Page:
Keywords: Regulation, incentive, electricity, Sweden
    JEL: L33 L52 L94
    Date: 2009–02
  6. By: Hengyun Ma; Les Oxley (University of Canterbury)
    Abstract: This paper reviews literature on China’s energy economics, focusing especially on: i) the relationship between energy consumption and economic growth, ii) China’s changing energy intensity, iii) energy demand and energy -capital and -labor substitution, iv) the emergence of energy markets in China, vi) and policy reforms in the energy industry. After reviewing the literature, the study presents the main findings and suggests some topics for further study.
    Keywords: China; Energy; Literature
    JEL: D24 O33 Q41
    Date: 2009–02–16
  7. By: Pietro F. Peretto
    Date: 2009–03–12
  8. By: Toto Same, Achille
    Abstract: Oil and mineral revenues raise national savings and hence facilitate investment, capital accumulation, and sustained growth; thus, there are benefits of owning large natural resources. There can be a significant spillover effect from the oil sector to the non-oil sector particularly if governments are committed to bridge the infrastructure gap and promote the non-oil economy and foremost the non-oil tradable sector. Consequently, the capacity for coordinated policy formulation and execution is fundamental as well as sound windfall management mechanisms and institutions. This conceptual framework uses the case of Indonesia and the example of Norway to argue that the resource paradox is avoidable. Abundance should not be a curse, but rather a blessing for Sub-Saharan Africa's oil and mineral exporting countries. The country context and political economy matter a great deal but should not be the main driving forces behind windfall management, to avoid excessive rent-seeking activities, inefficiency, and wasteful spending. The EITI++ implementation can contribute to make a difference, mostly through capacity building, implementation assistance, and coordination support.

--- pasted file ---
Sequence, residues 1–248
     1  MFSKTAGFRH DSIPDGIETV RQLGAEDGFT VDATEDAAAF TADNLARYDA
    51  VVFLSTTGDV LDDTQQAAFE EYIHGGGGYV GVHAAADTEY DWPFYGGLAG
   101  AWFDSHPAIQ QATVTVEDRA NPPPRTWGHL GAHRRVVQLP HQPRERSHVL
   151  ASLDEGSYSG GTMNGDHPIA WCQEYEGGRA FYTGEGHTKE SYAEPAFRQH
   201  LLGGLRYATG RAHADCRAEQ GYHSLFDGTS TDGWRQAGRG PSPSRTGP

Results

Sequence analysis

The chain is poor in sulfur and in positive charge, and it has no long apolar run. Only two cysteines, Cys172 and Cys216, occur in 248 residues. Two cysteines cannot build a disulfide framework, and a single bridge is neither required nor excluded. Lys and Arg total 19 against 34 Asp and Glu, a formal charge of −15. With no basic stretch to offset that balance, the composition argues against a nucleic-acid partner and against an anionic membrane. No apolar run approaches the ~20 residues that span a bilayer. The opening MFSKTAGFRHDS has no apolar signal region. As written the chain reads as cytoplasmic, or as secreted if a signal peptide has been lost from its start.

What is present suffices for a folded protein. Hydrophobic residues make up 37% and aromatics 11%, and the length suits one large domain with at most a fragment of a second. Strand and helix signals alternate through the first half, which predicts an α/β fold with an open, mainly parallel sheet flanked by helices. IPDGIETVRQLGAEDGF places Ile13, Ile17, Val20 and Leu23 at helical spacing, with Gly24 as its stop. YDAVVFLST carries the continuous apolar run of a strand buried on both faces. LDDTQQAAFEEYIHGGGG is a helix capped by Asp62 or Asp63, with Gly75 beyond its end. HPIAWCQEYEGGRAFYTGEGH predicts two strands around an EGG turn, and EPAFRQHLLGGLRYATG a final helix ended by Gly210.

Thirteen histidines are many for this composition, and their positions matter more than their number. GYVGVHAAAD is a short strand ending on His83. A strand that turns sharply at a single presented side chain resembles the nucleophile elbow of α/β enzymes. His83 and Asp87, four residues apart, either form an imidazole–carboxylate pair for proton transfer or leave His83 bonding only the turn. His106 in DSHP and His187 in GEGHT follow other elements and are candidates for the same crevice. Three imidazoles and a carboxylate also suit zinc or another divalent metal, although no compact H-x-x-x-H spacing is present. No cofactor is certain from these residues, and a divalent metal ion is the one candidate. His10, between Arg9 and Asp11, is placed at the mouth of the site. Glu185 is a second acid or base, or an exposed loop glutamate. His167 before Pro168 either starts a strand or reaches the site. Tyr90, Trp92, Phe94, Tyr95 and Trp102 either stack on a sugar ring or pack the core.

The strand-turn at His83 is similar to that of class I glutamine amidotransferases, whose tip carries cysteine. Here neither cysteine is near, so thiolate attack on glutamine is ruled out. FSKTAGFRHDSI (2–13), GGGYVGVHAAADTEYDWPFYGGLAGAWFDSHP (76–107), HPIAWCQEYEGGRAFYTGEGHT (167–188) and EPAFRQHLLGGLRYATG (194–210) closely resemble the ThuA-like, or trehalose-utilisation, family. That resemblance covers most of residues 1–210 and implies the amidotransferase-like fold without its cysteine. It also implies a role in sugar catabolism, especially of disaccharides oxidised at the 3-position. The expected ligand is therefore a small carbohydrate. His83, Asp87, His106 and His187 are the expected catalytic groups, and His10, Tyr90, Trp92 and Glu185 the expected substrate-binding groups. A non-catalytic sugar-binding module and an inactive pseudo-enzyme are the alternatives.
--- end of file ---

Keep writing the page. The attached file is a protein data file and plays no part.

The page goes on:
Keywords: Economic Theory&Research,Debt Markets,Currencies and Exchange Rates,,Access to Finance
    Date: 2009–03–01
  9. By: Nicholas Apergis (University of Piraeus); Stephen M. Miller (University of Connecticut and University of Nevada, Las Vegas)
    Abstract: This paper investigates how explicit structural shocks that characterize the endogenous character of oil price changes affect stock-market returns in a sample of eight countries --- Australia, Canada, France, Germany, Italy, Japan, the United Kingdom, and the United States. For each country, the analysis proceeds in two steps. First, modifying the procedure of Kilian (2008a), we employ a vector error-correction or vector autoregressive model to decompose oil-price changes into three components: oil-supply shocks, global aggregate-demand shocks, and global oil-demand shocks. The last component relates to specific idiosyncratic features of the oil market, such as changes in the precautionary demand concerning the uncertainty about the availability of future oil supplies. Second, recovering the oil-supply shocks, global aggregate-demand shocks, and global oil-demand shocks from the first analysis, we then employ a vector autoregressive model to determine the effects of these structural shocks on the stock market returns in our sample of eight countries. We find that international stock market returns do not respond in a large way to oil market shocks. That is, the significant effects that exist prove small in magnitude.